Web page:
Saturday, April 12, 2003

The most marvelous nonfiction book I've come across of late is undoubtedly Garry Mulholland's This Is Uncool: the 500 Greatest Singles Since Punk and Disco (Cassell Illustrated, UK, 2002). Mulholland writes for and the wonderfully literate Mojo amongst other publications, and has taken it upon himself to provide a guide to the 500 greatest singles (in chronological order) in UK history, beginning with the Sex Pistols' "Anarchy In the UK." His choices are ridiculously varied and nearly always interesting. And what, you ask, does Mulholland think makes a great single? Well...

A great single stands alone from and transcends an artist's usual work. It uses every prodcution trick in the book, without fear of accusations of gimmickry or novelty, to get on the radio or the club DJ's decks, to make it more than just a recording of a live performance. It must have hooklines, even when those hooklines subvert or ignore the singalong chorus norm. ... It should want to be a hit, even if it fails. ... It must speak directly to you.

Add to this my own personal Theory One of pop: Everybody has one good single in them. ... [I]t's those one-shots, ignored in the official histories of rock, that make pop the unpredictable, shocking, frighteningly stupid, and stupendously clever spectrum of communication that it is. Though it may be uncool to say so.

I couldn't fucking say it better myself, so I'm glad someone else said it for me. In addition, the book's liberally littered with full-color repros of many of the selection's original sleeves - and to give you an indication of just how deep and wide Mulholland casts his nets, those singles pictured amidst the introduction are by Josef K, Grandmaster [Flash] & Melle Mel, the Stone Roses, Adam & the Ants, the Smiths, Chaka Khan, Deee-Lite, and the Beastie Boys. Quit a tidy mix if you ask me.

And another thing, which scares and delights me equally. Not to sound big-headed, but I think that Mulholland and I seem to think a bit similarly at times. To wit: Mulholland on ABC's "Poison Arrow":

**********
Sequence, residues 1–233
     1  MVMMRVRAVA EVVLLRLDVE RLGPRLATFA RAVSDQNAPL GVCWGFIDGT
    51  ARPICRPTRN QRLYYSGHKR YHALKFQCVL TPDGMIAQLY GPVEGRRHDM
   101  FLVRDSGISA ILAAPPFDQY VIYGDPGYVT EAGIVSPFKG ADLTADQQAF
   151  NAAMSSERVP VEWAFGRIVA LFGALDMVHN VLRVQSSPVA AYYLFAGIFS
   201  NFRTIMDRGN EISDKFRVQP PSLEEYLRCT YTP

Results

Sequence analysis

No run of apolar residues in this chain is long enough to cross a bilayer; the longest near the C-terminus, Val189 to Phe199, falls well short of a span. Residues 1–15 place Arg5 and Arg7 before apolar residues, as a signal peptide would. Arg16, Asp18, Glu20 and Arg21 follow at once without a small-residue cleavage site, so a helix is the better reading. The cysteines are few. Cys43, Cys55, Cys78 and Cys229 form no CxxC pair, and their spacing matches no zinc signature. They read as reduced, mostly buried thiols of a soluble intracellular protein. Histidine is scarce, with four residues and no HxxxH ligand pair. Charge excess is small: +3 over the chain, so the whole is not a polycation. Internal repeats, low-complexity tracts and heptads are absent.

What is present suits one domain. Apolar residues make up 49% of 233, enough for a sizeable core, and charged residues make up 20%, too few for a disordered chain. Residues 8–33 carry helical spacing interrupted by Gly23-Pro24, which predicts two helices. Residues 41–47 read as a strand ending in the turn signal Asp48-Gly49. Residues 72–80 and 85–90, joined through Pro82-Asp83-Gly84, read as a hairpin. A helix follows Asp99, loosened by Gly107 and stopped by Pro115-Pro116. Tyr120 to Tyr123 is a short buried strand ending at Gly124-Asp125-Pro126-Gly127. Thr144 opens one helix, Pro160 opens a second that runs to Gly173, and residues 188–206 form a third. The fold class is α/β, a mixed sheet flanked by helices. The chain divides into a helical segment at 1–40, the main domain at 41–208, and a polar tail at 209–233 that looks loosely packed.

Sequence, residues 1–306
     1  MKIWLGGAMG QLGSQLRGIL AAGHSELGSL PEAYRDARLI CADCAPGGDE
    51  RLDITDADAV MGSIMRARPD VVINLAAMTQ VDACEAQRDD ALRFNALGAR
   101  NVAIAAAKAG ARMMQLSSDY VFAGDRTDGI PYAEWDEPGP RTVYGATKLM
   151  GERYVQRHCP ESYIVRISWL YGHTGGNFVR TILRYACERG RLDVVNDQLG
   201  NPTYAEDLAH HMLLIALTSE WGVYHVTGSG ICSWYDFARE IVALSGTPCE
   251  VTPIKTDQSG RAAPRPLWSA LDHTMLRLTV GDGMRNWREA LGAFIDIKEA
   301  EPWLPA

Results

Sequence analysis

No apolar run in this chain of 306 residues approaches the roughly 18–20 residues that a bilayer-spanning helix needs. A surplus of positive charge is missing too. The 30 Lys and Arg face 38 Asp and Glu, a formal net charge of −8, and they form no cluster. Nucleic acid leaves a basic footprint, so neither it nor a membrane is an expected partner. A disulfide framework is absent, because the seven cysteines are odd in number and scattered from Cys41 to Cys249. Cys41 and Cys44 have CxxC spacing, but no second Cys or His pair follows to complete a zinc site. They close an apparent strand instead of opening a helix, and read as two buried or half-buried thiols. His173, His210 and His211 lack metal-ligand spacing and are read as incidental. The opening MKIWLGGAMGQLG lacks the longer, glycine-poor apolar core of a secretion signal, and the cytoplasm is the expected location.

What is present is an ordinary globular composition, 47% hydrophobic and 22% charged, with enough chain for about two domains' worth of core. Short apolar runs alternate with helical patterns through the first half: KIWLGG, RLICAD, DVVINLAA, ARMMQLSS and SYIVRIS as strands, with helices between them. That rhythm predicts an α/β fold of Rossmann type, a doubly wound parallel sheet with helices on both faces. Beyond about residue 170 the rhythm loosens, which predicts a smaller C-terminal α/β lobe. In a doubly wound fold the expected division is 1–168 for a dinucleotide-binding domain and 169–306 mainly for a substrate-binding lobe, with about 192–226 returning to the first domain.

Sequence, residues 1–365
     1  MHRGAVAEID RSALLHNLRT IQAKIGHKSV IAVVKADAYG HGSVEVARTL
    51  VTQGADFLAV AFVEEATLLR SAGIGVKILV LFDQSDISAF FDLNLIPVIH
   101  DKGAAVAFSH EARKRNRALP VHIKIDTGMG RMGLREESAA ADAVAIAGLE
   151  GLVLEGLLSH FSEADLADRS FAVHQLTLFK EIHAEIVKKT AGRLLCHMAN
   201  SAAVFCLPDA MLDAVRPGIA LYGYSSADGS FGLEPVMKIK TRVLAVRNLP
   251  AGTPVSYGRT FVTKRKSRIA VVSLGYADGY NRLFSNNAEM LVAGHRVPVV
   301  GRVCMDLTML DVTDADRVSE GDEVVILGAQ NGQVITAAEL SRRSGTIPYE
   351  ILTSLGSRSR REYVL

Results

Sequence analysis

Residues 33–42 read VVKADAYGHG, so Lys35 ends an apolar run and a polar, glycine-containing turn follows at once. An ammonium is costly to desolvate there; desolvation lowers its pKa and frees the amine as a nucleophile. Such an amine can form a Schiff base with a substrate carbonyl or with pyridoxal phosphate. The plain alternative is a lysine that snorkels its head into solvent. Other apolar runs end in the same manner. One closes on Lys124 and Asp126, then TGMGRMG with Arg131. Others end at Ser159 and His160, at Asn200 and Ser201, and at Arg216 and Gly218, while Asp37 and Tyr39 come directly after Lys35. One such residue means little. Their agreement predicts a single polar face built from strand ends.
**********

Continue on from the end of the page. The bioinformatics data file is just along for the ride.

It was a marriage made in pop heaven when Trevor Horn's crashing, widescreen prodcution met Martin Fry's arch pop vision and everyman croon. ABC's The Lexicon of Love [is] the greatest post-modern pop album of the era... .

And here's what I said back in January:

horn starts with a three-note descension on the piano, introduces synth-claps, then a synth snare track (very metronomic), string fills (played on a keyboard), that signature horn motif… and just keeps piling the elements on throughout the song. of course, it’s not all about horn here; let’s not forget the brilliant presence and soulboy vocals of martin fry – he’s bryan ferry without the arched eyebrow and knowing glance. his lyrics as well nail how real people (okay, artsy real people) feel in and out of love, and much of the credit for abc’s success must rest on his shoulders. but it’s horn’s immaculate production that sends much of the lexicon of love over the top and into rarified air; abc never worked with horn again, and never made a better album.

Alarming. Lovely, but alarming. Put it this way: if you like my blog, you're gonna fucking love this book. I found it at the public library, God bless 'em.

Addendum:'s got it, US readers. UK readers shouldn't have any difficulties.

Further Addendum: The This Is Uncool website! Brill!

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